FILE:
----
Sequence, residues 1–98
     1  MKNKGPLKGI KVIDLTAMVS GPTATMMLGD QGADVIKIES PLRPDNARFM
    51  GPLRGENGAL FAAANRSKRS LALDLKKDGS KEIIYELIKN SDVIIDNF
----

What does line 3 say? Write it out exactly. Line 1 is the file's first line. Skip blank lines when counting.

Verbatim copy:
    51  GPLRGENGAL FAAANRSKRS LALDLKKDGS KEIIYELIKN SDVIIDNF